Adam Ozimek at Modeled Behavior has an interesting piece on whether we should be able to sell years of our lifespans.
This is, I think, exactly the question addressed by J. David Velleman in his article Against the Right to Die, wherein he argues that giving people a choice can make them less well-off, even if, given the choice, they choose correctly. Velleman is concerned with assisted suicide - shortening lifespan to avoid suffering near the end of life. Ozimek is concerned with shortening lifespan to promote other values, but the moral logic is, I think, the same. I respond to Velleman's article in my piece Velleman's Sorrow of Options.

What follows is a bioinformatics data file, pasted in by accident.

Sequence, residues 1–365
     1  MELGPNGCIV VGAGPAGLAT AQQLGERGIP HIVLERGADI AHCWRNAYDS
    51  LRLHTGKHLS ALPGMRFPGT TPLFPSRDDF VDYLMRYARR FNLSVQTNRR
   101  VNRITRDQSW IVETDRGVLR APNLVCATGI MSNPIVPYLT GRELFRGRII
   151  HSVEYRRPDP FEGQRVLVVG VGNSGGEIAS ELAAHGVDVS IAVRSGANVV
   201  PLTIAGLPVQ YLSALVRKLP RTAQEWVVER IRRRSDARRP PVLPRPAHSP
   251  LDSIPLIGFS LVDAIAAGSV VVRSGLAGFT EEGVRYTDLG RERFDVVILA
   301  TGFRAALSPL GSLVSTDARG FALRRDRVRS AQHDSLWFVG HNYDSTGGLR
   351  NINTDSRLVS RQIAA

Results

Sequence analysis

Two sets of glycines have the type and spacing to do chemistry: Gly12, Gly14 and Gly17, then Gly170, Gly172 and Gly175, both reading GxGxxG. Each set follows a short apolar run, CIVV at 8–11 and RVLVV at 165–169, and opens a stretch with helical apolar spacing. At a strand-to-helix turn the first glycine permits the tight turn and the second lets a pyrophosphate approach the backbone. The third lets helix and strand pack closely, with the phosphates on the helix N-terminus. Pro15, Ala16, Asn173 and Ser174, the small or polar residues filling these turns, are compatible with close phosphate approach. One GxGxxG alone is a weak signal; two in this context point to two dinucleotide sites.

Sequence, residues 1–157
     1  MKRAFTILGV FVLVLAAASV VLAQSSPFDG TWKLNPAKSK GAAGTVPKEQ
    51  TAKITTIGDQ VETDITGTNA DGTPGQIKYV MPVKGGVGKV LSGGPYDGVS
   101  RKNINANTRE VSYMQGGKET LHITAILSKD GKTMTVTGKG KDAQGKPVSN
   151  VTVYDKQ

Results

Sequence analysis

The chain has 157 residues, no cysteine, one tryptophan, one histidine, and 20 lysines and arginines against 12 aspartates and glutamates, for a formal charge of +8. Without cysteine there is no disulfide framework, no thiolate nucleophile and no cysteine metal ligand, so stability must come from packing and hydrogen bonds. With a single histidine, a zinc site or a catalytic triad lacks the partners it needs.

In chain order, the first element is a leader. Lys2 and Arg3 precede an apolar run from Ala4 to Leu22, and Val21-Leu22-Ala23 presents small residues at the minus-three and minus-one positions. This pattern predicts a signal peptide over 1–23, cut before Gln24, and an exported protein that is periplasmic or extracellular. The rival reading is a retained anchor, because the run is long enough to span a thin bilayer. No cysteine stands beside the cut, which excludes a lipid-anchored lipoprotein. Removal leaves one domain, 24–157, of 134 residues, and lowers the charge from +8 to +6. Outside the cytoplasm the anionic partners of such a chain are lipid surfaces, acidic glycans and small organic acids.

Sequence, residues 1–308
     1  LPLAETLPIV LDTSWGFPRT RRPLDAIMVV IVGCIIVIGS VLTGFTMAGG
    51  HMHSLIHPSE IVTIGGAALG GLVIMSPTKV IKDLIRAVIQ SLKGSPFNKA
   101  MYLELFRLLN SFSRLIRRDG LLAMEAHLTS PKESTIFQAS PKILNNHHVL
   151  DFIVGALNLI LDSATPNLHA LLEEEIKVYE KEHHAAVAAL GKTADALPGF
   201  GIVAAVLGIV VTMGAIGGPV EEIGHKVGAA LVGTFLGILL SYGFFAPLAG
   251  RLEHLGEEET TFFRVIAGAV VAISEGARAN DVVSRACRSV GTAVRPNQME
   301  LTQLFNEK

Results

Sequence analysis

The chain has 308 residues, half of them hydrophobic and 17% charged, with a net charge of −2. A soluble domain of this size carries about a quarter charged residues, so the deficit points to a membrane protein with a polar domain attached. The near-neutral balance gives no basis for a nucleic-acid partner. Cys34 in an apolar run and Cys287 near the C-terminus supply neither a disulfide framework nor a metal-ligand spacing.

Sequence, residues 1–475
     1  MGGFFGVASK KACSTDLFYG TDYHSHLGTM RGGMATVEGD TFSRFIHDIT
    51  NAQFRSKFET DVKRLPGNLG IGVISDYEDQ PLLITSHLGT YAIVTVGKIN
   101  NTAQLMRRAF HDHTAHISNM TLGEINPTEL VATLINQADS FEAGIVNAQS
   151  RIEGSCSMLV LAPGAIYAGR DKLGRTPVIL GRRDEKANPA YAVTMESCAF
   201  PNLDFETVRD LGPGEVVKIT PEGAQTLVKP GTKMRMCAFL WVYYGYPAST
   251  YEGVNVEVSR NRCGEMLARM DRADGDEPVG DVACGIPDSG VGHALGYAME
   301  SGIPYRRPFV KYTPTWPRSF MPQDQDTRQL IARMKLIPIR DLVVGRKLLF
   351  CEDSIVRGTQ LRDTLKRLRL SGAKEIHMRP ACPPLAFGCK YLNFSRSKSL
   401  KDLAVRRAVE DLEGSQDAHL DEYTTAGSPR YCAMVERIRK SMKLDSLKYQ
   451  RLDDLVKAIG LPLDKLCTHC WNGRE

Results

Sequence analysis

Also exactly on point is Velleman's related article A Right of Self-Termination? in which he argues that it is morally unproblematic to force people to remain alive, because by choosing to shorten our lifespans, we somehow abrogate human dignity, which belongs to everyone, not just to ourselves. Velleman thinks, for instance, that accepting a shorter lifespan in exchange for the pleasure of smoking is morally wrong and an affront to all humanity. I respond to this in my piece Respecting and Erasing, essentially challenging the notion that limiting the span of something in time denies its dignity.
Other writers think that dignity, as distinct from autonomy, is just stupid.